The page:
Cent cinq des 228 familles (46%) ont retourné le questionnaire complété. L’âge moyen des patients était de 9,8 ± 4,5 ans. Quarante-six (44%) des 105 patients avaient reçu un ou plusieurs types de MCA, les plus fréquents étant des manipulations chiropractiques (15%), un traitement diététique (12%), des herbes médicinales (8%), un traitement homéopathique et des pratiques de guérison par la prière et par la foi (8%). Les variables sociodémographiques des soignants ou la qualité de vie liée à la santé chez l’enfant n’étaient pas associées de façon significative à l’utilisation de la MCA. Cinquante-neuf pour cent des utilisateurs de la MCA ont rapporté qu’ils en avaient tiré des bénéfices et seulement un patient a eu des effets secondaires. Il n’existait pas de différence significative quant au coût médian total de la MCA par rapport aux traitements conventionnels ($31,70 contre $50,00 par mois). Les raisons principales motivant l’utilisation de la MCA étaient l’expérience personnelle des soignants, des témoignages d’amis ou des publications dans les médias faisant état du succès de ces thérapies.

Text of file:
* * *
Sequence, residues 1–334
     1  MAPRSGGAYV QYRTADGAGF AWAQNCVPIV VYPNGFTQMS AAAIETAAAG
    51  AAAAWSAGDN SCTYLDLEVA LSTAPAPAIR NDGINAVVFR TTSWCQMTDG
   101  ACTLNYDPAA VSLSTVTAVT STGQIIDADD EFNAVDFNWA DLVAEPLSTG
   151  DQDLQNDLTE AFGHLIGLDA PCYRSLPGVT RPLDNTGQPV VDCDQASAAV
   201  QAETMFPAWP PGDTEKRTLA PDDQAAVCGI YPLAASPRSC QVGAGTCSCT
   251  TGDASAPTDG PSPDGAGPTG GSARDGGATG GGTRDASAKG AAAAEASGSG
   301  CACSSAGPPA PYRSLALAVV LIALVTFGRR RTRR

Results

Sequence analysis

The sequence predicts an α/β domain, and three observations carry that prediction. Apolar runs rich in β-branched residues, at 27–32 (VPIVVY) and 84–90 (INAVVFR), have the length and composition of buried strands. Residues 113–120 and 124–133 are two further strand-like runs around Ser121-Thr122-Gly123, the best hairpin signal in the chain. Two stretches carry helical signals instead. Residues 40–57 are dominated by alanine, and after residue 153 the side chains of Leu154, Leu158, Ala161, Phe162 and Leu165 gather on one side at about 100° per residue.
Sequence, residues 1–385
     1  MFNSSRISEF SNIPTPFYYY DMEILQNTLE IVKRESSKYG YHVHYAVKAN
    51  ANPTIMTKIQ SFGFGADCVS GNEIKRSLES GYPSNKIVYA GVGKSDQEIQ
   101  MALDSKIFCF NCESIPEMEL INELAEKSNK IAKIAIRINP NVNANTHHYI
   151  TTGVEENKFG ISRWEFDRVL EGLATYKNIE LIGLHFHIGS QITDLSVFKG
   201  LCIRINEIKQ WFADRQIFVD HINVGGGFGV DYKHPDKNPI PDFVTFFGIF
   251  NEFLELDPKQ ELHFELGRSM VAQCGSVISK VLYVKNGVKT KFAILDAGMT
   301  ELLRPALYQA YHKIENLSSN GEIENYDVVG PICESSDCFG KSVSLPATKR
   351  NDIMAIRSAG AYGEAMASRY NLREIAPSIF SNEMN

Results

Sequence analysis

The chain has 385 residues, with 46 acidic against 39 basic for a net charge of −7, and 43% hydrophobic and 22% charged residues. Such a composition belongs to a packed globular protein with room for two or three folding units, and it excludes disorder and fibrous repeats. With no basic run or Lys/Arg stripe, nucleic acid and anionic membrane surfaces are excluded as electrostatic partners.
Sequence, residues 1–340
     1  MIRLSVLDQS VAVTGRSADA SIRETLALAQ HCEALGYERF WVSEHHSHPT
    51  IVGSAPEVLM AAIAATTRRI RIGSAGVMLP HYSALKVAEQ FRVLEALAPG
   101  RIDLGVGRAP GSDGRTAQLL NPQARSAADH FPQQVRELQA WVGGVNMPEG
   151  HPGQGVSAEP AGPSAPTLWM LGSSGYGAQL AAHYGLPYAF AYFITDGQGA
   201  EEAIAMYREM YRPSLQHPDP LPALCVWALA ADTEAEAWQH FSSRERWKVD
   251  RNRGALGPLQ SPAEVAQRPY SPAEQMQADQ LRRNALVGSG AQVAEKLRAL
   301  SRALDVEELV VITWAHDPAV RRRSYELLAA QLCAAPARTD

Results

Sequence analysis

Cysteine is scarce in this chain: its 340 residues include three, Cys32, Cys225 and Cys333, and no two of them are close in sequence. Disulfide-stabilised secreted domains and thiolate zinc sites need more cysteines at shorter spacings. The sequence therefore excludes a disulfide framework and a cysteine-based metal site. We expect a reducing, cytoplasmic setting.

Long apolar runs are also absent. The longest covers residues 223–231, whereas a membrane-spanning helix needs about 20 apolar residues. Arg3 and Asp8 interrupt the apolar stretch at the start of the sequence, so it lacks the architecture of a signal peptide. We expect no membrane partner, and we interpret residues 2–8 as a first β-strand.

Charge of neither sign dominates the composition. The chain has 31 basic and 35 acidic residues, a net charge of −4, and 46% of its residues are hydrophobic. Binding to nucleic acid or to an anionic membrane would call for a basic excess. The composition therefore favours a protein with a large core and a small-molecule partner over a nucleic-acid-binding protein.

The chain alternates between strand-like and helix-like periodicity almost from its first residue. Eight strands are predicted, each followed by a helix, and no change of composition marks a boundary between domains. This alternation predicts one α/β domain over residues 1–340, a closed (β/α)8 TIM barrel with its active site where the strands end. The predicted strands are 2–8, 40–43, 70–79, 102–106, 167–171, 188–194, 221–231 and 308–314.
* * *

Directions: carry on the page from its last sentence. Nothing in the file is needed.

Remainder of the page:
Conclusions:

L’utilisation de la MCA était fréquente chez les patients pédiatriques atteints de maladies neurologiques. Plus de la moitié des familles ont rapporté des bénéfices de l’utilisation de la MCA. Ces thérapies étaient perçues comme ayant peu d’effets secondaires. Les médecins devraient aborder ce sujet pendant les visites afin que les familles et les patients puissent prendre des décisions éclairées. Le rôle spécifique de la MCA chez les enfants atteints de maladies neurologiques ainsi que les interactions possibles entre la MCA et les thérapies conventionnelles chez ces patients devraient faire l’objet d’études plus poussées.

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Copyright

Corresponding author

Alberta Children’s Hospital, 1820 Richmond Road SW, Calgary, Alberta, Canada T2T 5C7

References